Cover image for More deadly than the male : masterpieces from the queens of horror
Title:
More deadly than the male : masterpieces from the queens of horror
ISBN:
9781643130118
Edition:
1st Pegasus Books cloth ed.
Physical Description:
xi, 483 pages ; 24 cm.
Contents:
The transformation / The dark lady / Morton Hall / A ghost story / An engineer's story / Lost in a pyramid, or the mummy's curse / Tom Toothacre's ghost story / Kentucky's ghost / At Chrighton Abbey / The fate of Madam Cabanel / Forewarned, forearmed / The portrait / The shrine of death / The Beckside boggle / The hidden door / Unexplained / Let loose / The cave of the echoes / The yellow wall paper / The mass for the dead / The Tyburn ghost / The duchess at prayer / The vacant lot / An unscientific story / A dissatisfied soul / The readjustment
Summary:
A darkly luminous new anthology collecting the most terrifying horror stories by renowned female authors, presenting anew these forgotten classics to the modern reader. Readers are well aware that Mary Shelley wrote Frankenstein: few know how many other tales of terror she created. In addition to Uncle Tom's Cabin, Harriet Beecher Stowe wrote some surprisingly effective horror stories. The year after Little Women appeared, Louisa May Alcott published one of the first mummy tales. These ladies weren't alone. From the earliest days of Gothic and horror fiction, women were exploring the frontiers of fear, dreaming dark dreams that will still keep you up at night. More Deadly than the Male includes unexpected horror tales by Louisa May Alcott and Harriet Beecher Stowe, and forgotten writers like Mary Cholmondely and Charlotte Riddell, whose work deserves a modern audience. Readers will be drawn in by the familiar names and intrigued by their rare stories. In The Beckside Boggle, Alice Rea brings a common piece of English folklore to hair-raising life, while Helene Blavatsky, best known as the founder of the spiritualist Theosophical Society, conjures up a solid and satisfying ghost story in The Cave of the Echoes. Edith Wharton's great novel The Age of Innocence won her the Pulitzer prize, yet her horror stories are known only to a comparative few. Readers will discover lost and forgotten women who wrote horror every bit as effectively as their male contemporaries. They will learn about their lives and careers, the challenges they faced as women working in a male-dominated field, the way they overcame those challenges, and the way they approached the genre--which was often subtler, more psychological, and more disturbing.--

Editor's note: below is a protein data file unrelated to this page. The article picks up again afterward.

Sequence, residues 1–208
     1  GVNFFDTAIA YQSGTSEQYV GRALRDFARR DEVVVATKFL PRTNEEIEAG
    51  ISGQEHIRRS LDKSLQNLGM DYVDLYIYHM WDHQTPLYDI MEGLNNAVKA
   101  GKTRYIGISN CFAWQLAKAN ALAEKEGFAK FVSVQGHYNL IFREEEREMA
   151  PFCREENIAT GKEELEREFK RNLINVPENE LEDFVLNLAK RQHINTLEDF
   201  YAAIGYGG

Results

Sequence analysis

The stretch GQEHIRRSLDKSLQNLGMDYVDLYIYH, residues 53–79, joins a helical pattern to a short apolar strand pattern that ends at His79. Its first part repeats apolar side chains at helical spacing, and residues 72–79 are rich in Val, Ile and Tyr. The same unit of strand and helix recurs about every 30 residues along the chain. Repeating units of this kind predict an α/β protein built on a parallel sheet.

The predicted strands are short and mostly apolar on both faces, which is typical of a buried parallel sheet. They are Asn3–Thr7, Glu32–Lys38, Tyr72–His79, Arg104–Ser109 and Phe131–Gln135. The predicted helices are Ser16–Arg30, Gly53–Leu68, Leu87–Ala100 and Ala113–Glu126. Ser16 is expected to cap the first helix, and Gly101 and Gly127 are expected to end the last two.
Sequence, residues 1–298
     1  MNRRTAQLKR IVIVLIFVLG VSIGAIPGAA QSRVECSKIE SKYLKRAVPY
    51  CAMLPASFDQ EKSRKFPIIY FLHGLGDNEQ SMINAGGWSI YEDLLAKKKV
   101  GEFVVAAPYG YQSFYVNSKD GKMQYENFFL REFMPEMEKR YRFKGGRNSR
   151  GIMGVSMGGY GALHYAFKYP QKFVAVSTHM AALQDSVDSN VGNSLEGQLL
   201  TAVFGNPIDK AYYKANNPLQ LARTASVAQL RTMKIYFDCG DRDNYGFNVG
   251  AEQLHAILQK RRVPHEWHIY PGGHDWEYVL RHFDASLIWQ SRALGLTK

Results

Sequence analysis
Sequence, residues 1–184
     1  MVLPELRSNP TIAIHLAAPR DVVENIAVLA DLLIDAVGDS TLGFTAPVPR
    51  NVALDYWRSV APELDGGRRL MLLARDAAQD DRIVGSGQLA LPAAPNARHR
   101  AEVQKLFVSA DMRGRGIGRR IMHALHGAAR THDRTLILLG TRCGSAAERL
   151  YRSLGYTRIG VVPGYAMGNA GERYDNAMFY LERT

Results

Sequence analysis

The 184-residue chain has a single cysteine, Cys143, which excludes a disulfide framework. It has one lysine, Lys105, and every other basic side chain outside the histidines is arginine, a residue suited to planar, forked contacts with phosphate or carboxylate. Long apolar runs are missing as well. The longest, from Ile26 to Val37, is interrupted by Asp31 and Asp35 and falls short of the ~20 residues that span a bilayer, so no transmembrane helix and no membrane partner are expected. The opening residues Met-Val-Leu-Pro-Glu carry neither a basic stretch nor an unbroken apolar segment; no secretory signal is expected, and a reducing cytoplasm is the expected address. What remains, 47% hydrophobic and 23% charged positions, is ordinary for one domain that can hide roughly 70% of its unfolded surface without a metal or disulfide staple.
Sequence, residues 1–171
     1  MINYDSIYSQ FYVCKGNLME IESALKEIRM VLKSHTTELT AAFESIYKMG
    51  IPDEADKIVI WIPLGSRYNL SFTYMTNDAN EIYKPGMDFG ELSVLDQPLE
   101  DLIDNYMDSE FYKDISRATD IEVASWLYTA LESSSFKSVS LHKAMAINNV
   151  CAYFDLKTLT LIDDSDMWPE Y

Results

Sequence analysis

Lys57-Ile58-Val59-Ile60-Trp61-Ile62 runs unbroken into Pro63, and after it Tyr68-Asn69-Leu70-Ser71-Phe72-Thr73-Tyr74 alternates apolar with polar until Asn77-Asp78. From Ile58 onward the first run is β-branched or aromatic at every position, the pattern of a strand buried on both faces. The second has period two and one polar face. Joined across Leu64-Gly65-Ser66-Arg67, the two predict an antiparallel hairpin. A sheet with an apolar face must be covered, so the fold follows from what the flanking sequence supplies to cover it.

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Summary

Summary

A darkly luminous new anthology collecting the most terrifying horror stories by renowned female authors, presenting anew these forgotten classics to the modern reader.

Readers are well aware that Mary Shelley wrote Frankenstein : few know how many other tales of terror she created. In addition to Uncle Tom's Cabin , Harriet Beecher Stowe wrote some surprisingly effective horror stories. The year after Little Women appeared, Louisa May Alcott published one of the first mummy tales. These ladies weren't alone. From the earliest days of Gothic and horror fiction, women were exploring the frontiers of fear, dreaming dark dreams that will still keep you up at night.

More Deadly than the Male includes unexpected horror tales by Louisa May Alcott and Harriet Beecher Stowe, and forgotten writers like Mary Cholmondely and Charlotte Riddell, whose work deserves a modern audience. Readers will be drawn in by the familiar names and intrigued by their rare stories.